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    That's what I always think of when somebody tells me they haven't checked their mail in two or more weeks! There's any number of things that could show up during that time period that might require some sort of reply or something. I know electronic delivery is the way of the world now, but there are still a lot of agencies that rely on plain old "snail mail".
     
  12. txls

    txls Well-Known Member

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    So now I don't understand the Dr. He released him to work with no restrictions, but set him up to see a specialist because his neck is not healing like it should.
     
  13. Betty3

    Betty3 Law Topic Starter Super Moderator

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    Well, that sounds kind of contradictory.
     
  14. lda01

    lda01 New Member

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    The doc seems to be acknowledging that the patient has an injury, but doesn't feel it would interfere with the patient's performing his/her job, hence, there would be no reason to place restrictions. Have seen this happen before, usually because the doc doesn't understand he full scope of the patient's job. I had a clerical worker with a knee injury, but the doc assumed that since she had a 'desk job" she wouldn't be limited by it. Once he understood that the patient's job included , receiving shipments, accessing files from tall cabinets (step ladder) etc he change the release. The solution is to present the doc with a detailed job description, including physical requirements (ie: standing for long periods, walking, lifting, twisting, driving etc)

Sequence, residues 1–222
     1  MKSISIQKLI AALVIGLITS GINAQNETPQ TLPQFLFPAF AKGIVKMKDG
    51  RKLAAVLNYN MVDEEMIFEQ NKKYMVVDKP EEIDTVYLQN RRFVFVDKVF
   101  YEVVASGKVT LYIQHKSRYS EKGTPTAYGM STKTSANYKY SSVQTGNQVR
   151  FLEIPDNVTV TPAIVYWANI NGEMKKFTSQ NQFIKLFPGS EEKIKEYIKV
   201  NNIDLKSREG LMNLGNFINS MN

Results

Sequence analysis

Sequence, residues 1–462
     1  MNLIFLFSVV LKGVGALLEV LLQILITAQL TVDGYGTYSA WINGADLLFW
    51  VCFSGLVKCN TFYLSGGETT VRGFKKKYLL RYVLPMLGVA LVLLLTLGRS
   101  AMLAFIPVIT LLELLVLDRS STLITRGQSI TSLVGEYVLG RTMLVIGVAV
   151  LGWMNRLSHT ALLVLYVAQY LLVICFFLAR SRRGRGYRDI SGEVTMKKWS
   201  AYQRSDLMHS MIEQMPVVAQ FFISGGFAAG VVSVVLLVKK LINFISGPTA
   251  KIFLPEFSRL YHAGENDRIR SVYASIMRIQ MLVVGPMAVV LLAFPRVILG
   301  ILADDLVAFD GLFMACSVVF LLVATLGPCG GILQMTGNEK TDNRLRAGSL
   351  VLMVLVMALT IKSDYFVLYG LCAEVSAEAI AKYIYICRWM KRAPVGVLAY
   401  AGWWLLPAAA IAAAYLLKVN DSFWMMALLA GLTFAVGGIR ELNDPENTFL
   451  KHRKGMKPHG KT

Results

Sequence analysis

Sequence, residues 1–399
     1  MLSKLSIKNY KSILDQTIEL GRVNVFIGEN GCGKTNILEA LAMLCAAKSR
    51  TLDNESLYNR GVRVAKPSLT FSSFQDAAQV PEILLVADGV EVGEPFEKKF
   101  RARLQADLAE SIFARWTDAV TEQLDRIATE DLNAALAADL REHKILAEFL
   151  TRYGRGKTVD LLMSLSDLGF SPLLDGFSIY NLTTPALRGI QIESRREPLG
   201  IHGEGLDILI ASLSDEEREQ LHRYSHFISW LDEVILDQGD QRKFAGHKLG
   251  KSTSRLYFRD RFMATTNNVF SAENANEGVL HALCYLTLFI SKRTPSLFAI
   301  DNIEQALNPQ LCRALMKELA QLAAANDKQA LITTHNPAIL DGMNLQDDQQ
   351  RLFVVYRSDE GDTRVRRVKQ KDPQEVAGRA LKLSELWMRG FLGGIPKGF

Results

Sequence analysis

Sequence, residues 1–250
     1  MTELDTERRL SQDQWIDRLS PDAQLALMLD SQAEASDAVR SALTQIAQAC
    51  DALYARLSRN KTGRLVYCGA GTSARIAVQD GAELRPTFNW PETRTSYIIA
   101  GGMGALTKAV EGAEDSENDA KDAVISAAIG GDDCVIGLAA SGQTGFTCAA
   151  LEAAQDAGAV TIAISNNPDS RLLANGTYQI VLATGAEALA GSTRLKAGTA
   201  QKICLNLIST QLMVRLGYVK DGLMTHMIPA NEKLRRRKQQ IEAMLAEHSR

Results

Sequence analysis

Good luck
     
  15. txls

    txls Well-Known Member

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    Rant re: Auditors
    1. You need to understand that I already had a full-time job before you showed up requesting stuff, and I have deadlines to meet.
    2. You need to understand that we do not have the space to store all of our records for the past three years at our fingertips.
    3. If you wanted to see stuff from 3 years ago, then you should have been here 3 years ago.
    4. Don't tell me that you want the stuff from 2011 first, then a week later decide that you would rather have the stuff from 2013 first, and you want it in 3 days.